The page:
On the eve of the start of the voting period for overseas absentee voting, Migrante Partylist called on overseas Filipinos to be vigilant and immediately report anomalies that may result in the disenfranchisement of at least 900,000 overseas absentee voters.
Overseas absentee voting will start worldwide from tomorrow, April 13, and will run until May 13.
Earlier, Migrante Partylist criticized the Commission on Elections (Comelec) for apparently preparing the recipe for its imminent failure. Among the grievances cited by OFWs worldwide include,
– The non-printing of enough ballots for overseas absentee voters. The Comelec decided not to print additional ballots after it had recently reinstated 238,557 OAVs that it delisted earlier. In its latest resolution, the Comelec only resolved to print an additional 20 percent of ballots allocated for the total number of registered OAVs.
– The lack of clear guidelines for OAVs situated in countries where consulates and embassies closed down. While the Comelec released Resolution No. 9654 instructing Comelec officials in said posts, there are no clear guidelines or instructions for affected OAVs. Last year, at least 10 consulates and embassies closed down as a result of the Aquino government’s “austerity measures”. Migrante Partylist had earlier pointed out that the closures will greatly affect the OAV because consulates and embassies serve as polling precincts for Filipino voters abroad.
– Lack of PCOS machines for countries where that will implement the Automated Electoral System (AES). The Comelec added countries for the AES but did not provide sufficient numbers of PCOS machines. Countries that will implement the AES are Hong Kong, Singapore, Abu Dhabi, some states in the US, some regions in the Kingdom of Saudi Arabia and Vancouver in Canada, Instead of providing additional PCOS machines, what the Comelec did was to transfer existing PCOS machines from one country to the other. For instance, Hong Kong which had 22 PCOS machines during the 2010 elections now only has 9 PCOS machines left.
– Lack of accessible and/or satellite polling precincts for OAVs. Notwithstanding embassies and consulates that has closed down, there is still an insufficient number of polling places for the 900,000 registered OAVs which are scattered all over the world. For instance, in some parts of the Middle East, each OFW has to spend as much as P20,000 for transportation costs to go to polling centers. There is also the practical problem of having to obtain an extra day-off or holiday to register as OFWs usually have weekends off, when registration centers are closed.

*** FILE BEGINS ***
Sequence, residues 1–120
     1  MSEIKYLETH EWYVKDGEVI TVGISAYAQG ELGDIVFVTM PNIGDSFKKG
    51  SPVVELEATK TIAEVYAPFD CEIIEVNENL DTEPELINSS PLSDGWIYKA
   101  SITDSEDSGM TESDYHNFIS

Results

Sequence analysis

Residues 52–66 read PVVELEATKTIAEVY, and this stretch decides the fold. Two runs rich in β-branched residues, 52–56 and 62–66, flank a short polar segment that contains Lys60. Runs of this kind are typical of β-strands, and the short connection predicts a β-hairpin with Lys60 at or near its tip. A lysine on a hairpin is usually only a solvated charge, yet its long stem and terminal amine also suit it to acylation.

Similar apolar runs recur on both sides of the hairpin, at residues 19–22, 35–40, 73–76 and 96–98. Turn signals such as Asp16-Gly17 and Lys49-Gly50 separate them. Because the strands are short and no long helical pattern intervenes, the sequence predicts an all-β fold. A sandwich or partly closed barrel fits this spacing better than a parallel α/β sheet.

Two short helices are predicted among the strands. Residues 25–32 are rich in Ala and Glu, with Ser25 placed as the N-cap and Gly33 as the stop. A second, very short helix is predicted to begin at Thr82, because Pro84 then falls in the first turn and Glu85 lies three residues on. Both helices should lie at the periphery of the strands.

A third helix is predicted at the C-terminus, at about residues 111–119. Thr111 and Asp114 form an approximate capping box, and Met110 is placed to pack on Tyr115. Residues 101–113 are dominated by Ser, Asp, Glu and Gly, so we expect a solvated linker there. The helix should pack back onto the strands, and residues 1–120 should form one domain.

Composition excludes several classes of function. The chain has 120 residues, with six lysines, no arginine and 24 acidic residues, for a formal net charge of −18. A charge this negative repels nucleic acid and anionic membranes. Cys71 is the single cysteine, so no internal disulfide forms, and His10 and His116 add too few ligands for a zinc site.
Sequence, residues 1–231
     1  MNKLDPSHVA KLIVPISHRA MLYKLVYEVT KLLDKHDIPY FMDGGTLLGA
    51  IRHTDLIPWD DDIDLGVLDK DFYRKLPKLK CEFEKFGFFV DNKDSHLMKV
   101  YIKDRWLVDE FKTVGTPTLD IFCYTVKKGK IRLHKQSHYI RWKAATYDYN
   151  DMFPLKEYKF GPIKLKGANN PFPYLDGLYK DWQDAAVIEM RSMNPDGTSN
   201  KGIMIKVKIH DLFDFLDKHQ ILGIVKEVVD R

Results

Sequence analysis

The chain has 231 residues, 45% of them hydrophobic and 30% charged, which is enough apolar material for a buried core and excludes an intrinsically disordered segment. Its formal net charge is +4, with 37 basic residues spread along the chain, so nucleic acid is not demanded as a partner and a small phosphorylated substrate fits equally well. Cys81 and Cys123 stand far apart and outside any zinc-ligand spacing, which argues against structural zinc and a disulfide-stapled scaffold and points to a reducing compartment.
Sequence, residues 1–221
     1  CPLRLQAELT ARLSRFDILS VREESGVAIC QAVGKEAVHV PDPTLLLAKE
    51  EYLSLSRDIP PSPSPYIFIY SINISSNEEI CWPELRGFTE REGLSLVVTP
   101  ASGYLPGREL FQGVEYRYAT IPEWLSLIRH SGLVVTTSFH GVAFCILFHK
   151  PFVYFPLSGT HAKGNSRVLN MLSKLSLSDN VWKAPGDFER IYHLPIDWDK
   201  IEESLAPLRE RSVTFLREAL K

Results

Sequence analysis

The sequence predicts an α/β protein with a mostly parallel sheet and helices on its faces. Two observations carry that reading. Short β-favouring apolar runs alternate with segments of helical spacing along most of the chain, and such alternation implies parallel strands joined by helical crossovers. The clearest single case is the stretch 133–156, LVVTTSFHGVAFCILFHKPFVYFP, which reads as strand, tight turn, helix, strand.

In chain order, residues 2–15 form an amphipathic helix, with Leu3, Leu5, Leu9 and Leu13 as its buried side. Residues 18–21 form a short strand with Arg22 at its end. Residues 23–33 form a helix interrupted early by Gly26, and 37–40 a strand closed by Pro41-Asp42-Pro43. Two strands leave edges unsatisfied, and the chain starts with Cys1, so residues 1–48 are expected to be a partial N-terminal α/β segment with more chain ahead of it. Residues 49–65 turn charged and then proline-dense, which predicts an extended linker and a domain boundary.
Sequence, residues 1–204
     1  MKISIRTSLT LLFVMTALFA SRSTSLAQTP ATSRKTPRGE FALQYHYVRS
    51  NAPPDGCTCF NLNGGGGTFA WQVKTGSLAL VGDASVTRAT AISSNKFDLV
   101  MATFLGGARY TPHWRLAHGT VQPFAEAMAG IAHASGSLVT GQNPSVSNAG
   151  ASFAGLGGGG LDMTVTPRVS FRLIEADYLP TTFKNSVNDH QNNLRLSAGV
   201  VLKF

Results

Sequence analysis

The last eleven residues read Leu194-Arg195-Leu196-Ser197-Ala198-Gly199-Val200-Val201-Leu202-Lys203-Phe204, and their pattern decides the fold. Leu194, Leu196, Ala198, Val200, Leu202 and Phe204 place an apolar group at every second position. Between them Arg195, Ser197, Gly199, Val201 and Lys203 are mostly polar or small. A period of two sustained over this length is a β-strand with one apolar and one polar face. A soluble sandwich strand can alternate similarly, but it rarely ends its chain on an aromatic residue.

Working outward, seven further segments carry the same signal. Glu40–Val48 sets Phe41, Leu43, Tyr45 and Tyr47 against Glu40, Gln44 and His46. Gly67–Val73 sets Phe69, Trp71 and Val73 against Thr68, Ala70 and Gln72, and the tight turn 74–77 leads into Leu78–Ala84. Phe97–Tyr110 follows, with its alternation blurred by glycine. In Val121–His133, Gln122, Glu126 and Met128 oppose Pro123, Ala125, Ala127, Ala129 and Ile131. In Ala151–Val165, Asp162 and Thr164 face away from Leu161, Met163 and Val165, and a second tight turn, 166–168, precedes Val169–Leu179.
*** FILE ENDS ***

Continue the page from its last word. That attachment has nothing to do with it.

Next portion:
– For postal voting, it is not clear if the Comelec updated its list of addresses of OAVs. As in the past, registered OAVs have complained that they were not able to receive their ballots through postal mail and were thus deprived of their rights to vote.
According to Connie Bragas-Regalado, Migrante Partylist chairperson and 1st nominee, these problems all boil down to “the Aquino government’s dismal budget allocation for the OAV and the Comelec’s general attitude of belittlement of the expected OAV turnout.”
Budget allocation for the OAV did not increase since 2010.
“Also, since registration period started, the Comelec has been projecting that not all registered OAVs will cast their votes. By doing so, the Comelec is practically discouraging our OFWs from exercising their right to cast their ballots. They are saying, in so many words, that massive disenfranchisement of OAVs is fine and acceptable,” she said.
Bragas-Regalado called on OFWs to be vigilant as voting period for the OAV kicks off. She said that Migrante coordinators and pollwatchers worldwide will be manning polling centers to guard OFW votes starting tomorrow. ###